This is a type of of squeeze play whereby the squeeze card is followed by the loss of one or more tricks to the opponents. This type of squeeze is also referred to as the Squeeze Without the Count or the Strip Squeeze.

There are several elements of play involved in performing this type of squeeze.

North
AJ
QJ
 
 
West
KQ
AK
 
 
East
54
 
6
8
South
64
5
 
A

The Principle of Squeeze Establishment is primary for a secondary squeeze, and requires essentially three characteristics:

1. One opponent has to possess a guard to a long menace in a suit, which the declarer wishes to establish.
2. One opponent has to possess a guard to a winner in a suit, which the declarer wishes to establish.
3. The squeeze must force the opponent to discard an additional winner or a card which may be led to his partner's winner.

The Principle of Squeeze Establishment was called the delayed duck squeeze by Mr. Clyde E. Love, and called the squeeze suitout by Mr. George S. Coffin. Authored by Mr. Clyde E. Love the delayed duck squeeze was published in The Bridge World, issue of July 1957, V 28 N 10.

The end play is based on a simple squeeze position except that the declarer has two losers with no convenient method to rectify the count, which means that the Rectification of the Count is only possible after the lead of the squeeze card.

In the above example, the declarer leads the Ace of Clubs. West must discard a Heart in order to protect his Spade guard. In this positional squeeze, the declarer can then play his 5 of Hearts in order to win a Heart trick, winning three tricks. This condition can also be accomplished through an automatic play and also through a criss-cross play. In all cases, one defender is forced to discard a second winner in the suit which the declarer is attempting to establish.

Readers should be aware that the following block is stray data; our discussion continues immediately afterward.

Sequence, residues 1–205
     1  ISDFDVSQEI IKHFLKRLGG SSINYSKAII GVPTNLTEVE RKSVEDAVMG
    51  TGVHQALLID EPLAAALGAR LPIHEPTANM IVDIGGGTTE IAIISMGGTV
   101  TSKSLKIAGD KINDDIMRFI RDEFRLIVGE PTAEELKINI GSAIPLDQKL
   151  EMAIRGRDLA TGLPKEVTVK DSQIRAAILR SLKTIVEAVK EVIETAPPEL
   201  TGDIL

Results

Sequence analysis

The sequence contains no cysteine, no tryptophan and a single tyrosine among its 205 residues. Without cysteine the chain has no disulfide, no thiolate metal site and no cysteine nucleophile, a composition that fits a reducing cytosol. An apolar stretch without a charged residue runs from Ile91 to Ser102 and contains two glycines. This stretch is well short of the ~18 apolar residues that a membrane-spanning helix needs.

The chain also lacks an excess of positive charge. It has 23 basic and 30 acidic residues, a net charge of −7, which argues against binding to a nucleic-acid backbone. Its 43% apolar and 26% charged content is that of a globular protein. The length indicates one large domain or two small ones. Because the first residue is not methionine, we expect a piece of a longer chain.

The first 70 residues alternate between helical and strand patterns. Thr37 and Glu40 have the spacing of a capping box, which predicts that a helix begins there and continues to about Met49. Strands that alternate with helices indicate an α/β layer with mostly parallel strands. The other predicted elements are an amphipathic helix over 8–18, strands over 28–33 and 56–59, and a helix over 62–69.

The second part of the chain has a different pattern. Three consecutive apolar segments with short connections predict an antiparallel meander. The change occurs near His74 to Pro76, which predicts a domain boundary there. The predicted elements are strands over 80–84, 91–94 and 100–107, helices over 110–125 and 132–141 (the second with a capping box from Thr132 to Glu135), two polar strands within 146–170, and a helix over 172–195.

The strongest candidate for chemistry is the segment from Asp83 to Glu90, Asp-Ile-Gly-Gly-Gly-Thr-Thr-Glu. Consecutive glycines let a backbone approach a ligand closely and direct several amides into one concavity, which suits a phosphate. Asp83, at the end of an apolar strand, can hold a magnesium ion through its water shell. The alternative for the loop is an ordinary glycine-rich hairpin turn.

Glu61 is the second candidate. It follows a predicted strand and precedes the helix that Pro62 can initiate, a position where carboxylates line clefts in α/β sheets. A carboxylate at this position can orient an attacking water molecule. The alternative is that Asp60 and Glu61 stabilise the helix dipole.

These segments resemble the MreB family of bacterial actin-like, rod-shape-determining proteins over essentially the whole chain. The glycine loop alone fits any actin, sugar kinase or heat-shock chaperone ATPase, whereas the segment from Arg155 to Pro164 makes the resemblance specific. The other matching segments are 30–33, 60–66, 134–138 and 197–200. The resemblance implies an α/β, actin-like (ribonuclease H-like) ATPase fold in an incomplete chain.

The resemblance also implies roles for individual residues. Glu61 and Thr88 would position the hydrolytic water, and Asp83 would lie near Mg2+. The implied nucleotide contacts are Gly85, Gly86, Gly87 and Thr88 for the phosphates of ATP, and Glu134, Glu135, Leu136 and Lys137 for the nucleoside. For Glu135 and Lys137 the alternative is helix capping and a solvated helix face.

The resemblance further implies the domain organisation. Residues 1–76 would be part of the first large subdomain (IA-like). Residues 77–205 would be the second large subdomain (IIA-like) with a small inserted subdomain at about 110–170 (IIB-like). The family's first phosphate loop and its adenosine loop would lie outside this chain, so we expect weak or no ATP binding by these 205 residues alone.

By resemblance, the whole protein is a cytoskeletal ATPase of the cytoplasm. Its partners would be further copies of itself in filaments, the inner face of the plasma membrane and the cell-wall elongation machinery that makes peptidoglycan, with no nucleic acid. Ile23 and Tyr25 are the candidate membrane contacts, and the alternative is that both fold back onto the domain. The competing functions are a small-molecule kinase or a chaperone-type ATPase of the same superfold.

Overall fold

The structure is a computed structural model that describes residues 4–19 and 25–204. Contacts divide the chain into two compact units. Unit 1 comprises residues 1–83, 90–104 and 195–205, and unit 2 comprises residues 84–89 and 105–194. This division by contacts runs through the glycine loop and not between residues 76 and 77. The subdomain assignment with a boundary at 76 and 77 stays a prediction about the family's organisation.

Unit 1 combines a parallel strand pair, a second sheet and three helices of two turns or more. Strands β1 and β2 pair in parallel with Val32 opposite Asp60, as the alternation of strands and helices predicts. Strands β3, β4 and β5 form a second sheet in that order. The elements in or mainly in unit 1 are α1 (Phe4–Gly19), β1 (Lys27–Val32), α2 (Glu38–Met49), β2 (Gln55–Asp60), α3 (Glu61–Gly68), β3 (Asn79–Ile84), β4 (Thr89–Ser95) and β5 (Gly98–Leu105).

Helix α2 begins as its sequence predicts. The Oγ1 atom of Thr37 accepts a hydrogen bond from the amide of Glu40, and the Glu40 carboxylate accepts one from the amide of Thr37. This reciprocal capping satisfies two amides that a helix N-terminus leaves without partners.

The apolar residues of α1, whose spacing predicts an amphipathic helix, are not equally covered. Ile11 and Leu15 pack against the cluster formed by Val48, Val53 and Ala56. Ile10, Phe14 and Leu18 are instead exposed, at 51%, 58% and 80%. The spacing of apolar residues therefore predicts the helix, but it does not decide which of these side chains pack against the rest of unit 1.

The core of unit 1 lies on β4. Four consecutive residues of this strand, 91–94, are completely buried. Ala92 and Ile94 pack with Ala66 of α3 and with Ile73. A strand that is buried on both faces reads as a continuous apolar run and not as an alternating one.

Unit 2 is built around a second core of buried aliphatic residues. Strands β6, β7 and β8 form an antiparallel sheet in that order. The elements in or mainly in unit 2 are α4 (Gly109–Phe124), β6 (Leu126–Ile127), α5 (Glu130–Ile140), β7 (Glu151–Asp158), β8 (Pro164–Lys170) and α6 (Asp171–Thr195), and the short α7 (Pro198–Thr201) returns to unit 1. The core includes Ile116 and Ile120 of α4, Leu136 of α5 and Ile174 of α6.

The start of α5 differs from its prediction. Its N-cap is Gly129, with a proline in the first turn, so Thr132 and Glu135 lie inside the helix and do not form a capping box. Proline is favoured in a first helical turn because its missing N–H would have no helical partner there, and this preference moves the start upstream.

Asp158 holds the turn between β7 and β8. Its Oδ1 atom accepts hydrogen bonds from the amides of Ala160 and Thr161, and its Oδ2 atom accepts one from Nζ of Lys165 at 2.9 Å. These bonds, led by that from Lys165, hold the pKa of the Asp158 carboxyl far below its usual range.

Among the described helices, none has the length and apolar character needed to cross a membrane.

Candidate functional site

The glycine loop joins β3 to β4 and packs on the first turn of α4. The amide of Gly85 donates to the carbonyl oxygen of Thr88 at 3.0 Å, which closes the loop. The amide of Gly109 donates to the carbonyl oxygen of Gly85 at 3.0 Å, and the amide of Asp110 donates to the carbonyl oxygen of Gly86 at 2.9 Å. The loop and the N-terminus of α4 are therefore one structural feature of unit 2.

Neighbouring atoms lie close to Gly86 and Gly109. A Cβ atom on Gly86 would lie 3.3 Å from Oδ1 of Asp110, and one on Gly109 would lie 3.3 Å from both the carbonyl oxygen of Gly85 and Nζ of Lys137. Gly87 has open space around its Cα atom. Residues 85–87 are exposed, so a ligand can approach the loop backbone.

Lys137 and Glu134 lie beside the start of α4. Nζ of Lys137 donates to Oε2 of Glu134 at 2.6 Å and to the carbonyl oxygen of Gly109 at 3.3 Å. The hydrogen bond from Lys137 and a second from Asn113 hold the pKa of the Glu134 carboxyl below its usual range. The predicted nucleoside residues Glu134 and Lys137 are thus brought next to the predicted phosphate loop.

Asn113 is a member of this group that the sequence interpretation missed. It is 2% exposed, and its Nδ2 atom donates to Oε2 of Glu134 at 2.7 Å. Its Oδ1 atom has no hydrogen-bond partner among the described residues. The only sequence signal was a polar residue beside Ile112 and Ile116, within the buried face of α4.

Squeeze Without the Count

The principle behind this form of secondary squeeze can be varied, altered, and/or modified to constitute a distinction between the designation secondary squeeze and a squeeze without the count. However, the variation is perhaps too slight as to be classified in an individual category, which would indicate a non-relatedness.

The following example may illustrate this distinction.

North
5
Q97643
J10
AKJ2
West
K74
AK82
75
Q983
East
QJ98
J105
843
1065
South
A10632
 
AKQ962
74

Via an individual partnership understanding Mr. Brady Richter, as South, and his partner reached a slam contract of 6 Diamonds. West had a difficult decision, based on the bidding style, to arrive at a lead. Instead of the lead of the King, which would have secured the contract for South, West decides on a passive lead of the 5 or trump.

South wins, cashes the Ace, ruffs a Spade, ruffs a Heart and runs trump. As soon as South leads his last trump, West has only room for only five cards. West must keep all four Club cards in the case that South decides to finesse to the Jack, thereby securing four Club tricks. West decides to discard the King. South discards a Club in the dummy at this trick. The dummy now contains only two Hearts and the AKJ.

South then leads a Club to the Ace and plays a small Heart with the intention of surrendering the lead. West leads a low Club, which South successfully finesses with the Jack and wins the remaining tricks.

Generally, in most squeezes and squeeze plays, the declarer must lose a trick or tricks, which carries the designation of rectifying the count, in order to successfully perform the squeeze. However, in this form of squeeze, West was squeezed before winning a trick and therefore carries the different and perhaps distinctive designation of squeeze without the count.